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Review of sustainability measures – October 2022 round

Have your say

Fisheries New Zealand is consulting on proposed changes to sustainability measures for a range of fish stocks as part of the October 2022 sustainability round. We invite feedback from tangata whenua, stakeholders, and the public on these proposed changes.

About the proposed changes

Fisheries New Zealand reviews catch limits for selected stocks twice a year. This is consistent with the requirement that Fisheries New Zealand ensures the sustainable use of fisheries resources.

In this round Fisheries New Zealand is consulting on changes to catch limits, allowances and deemed values for 20 different fish stocks around the country, and on standalone deemed value changes for an additional 5 fish stocks.

The proposals for each stock in this round were assessed:

  • in the context of the relevant statutory requirements
  • using the best available information, including the latest scientific information on the status of the stocks and tangata whenua and stakeholder input.

Full details are in the consultation documents. We've also prepared a summary of the proposals

Consultation documents

Related consultation

Fisheries New Zealand is running a separate consultation on changes to East Coast tarakihi stocks (TAR 2, TAR 3 and the east portions of TAR 1 and TAR 7) for the 1 October 2022 fishing year.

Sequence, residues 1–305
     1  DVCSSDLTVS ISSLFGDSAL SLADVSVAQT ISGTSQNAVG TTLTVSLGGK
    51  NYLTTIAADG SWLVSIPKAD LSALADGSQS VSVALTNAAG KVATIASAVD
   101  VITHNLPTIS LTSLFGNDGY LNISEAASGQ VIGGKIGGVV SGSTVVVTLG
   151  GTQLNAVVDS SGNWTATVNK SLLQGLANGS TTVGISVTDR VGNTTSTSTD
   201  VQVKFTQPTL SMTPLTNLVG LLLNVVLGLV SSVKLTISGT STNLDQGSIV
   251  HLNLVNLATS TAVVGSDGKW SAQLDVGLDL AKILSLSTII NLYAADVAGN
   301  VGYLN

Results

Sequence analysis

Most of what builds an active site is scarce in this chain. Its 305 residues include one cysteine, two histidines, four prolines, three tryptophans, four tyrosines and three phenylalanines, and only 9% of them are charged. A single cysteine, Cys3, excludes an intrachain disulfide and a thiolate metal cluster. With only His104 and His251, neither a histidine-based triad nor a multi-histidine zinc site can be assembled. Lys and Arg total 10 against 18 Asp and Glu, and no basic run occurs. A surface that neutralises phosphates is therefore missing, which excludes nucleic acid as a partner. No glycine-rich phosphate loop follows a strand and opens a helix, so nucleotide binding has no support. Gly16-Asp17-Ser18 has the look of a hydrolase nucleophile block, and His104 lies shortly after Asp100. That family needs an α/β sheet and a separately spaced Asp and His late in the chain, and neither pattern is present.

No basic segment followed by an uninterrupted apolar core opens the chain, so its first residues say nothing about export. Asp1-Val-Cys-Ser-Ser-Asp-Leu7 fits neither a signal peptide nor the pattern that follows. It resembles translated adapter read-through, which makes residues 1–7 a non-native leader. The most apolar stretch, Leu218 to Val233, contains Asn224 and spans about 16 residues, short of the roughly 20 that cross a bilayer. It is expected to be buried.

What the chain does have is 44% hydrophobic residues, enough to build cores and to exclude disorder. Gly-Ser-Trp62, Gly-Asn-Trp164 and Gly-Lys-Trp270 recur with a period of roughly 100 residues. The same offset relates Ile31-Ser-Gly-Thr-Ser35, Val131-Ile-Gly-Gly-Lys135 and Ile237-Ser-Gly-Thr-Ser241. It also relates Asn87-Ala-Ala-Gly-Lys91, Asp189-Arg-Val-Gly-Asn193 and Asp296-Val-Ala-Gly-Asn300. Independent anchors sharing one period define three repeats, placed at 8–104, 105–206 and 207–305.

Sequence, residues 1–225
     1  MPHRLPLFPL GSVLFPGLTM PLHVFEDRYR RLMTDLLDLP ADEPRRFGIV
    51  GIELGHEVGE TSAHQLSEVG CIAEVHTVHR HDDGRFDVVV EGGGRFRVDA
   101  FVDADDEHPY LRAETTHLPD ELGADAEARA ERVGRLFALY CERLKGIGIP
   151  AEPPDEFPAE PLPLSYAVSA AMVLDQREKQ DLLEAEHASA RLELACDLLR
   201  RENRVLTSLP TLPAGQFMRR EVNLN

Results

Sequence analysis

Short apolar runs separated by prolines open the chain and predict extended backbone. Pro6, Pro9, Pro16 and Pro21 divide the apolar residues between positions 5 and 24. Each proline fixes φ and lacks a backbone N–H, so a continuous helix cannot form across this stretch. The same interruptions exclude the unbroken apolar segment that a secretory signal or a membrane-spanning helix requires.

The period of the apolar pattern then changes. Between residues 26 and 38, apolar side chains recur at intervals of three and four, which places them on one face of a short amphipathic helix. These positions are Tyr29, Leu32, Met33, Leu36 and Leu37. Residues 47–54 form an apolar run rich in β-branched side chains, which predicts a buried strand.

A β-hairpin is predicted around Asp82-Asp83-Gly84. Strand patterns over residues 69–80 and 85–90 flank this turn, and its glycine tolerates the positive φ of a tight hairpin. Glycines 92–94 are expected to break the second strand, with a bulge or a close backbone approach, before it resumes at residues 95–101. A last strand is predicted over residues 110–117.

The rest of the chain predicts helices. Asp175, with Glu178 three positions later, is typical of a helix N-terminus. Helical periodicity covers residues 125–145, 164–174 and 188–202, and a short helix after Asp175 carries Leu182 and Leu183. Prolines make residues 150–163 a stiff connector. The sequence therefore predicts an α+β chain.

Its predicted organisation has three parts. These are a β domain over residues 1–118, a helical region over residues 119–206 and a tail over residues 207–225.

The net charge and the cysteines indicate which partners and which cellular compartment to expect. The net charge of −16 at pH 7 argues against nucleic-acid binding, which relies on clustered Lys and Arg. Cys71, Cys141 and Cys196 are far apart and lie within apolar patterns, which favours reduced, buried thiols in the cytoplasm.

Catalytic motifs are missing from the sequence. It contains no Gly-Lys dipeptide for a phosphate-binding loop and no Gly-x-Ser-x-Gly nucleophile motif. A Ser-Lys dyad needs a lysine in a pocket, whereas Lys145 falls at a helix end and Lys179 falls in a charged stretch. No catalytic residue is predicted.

Review of east coast tarakihi sustainability measures for 1 October 2022

Summary of the proposals

Table 1: Summary of stocks proposed for reviews of catch limits, allowances and deemed values as part of the 1 October 2022 sustainability round.

Hoki

HOK 1 - All of New Zealand (excludes Kermadec)

The 2022 HOK 1 stock assessment estimated the western stock to be below the management target range (35-50% B0). Fisheries New Zealand is proposing an option to decrease the Total Allowable Catch (TAC), Total Allowable Commercial Catch (TACC) and western stock catch limit of HOK 1 to move the western stock back within the target management range in a shorter timeframe.

Scampi

 

SCI 1 - East Coast of Auckland and Northland, Bay of Plenty

An updated Catch Per Unit Effort (CPUE) analysis indicates that scampi abundance in SCI 1 has increased since 2019, and in its last accepted assessment, the stock was estimated as very likely to be above management target. Fisheries New Zealand is proposing options to increase the TAC and TACC for SCI 1 to provide for greater utilisation.

Gemfish

 

SKI 3 & 7 - Entire South Island, Chatham Rise, West Coast off Taranaki and Wellington

CPUE analyses have suggested an increase in biomass of SKI 3 and SKI 7 in recent years. The TACs and TACCs of both stocks were increased in 2019 and in 2021. Since those increases were implemented, landings have continued to increase, and the best available information indicates that biomass is likely to continue to increase. Fisheries New Zealand is proposing options to increase the TACs and TACCs of SKI 3 and SKI 7 to enable greater utilisation of the stocks.

Rough and smooth skates

RSK 8 & SSK 8
West Coast North Island

Catches of RSK 8 have been consistently above the TACC since the stock’s introduction to the QMS in 2003. Catches for SSK 8 have exceeded the TACC since 2007/08 and have been particularly high in the past five years. These trends in catches could suggest that there is an opportunity to provide for increased utilisation and that the current TACCs may no longer be appropriate. Fisheries New Zealand is proposing options to increase the TACs, TACCs and deemed values for both RSK 8 and SSK 8 to align with recent trends in the fisheries and provide for greater utilisation.